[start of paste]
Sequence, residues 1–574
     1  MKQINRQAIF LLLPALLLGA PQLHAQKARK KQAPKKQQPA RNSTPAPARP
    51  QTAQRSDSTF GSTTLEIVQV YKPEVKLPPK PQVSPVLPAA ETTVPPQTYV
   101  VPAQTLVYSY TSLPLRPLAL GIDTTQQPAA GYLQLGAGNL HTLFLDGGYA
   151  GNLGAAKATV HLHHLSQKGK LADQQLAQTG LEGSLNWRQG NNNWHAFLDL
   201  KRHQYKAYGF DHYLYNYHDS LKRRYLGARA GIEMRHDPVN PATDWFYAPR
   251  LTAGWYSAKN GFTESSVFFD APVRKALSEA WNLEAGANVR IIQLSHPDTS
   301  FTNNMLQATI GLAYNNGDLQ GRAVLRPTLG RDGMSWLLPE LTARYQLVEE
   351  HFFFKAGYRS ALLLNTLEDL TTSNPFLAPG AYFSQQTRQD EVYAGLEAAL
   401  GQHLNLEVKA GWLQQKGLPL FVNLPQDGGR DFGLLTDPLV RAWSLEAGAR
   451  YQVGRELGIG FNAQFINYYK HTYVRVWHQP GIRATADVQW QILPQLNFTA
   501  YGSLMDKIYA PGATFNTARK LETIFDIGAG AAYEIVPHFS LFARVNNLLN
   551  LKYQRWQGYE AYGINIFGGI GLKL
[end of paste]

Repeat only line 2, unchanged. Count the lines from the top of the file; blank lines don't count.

     1  MKQINRQAIF LLLPALLLGA PQLHAQKARK KQAPKKQQPA RNSTPAPARP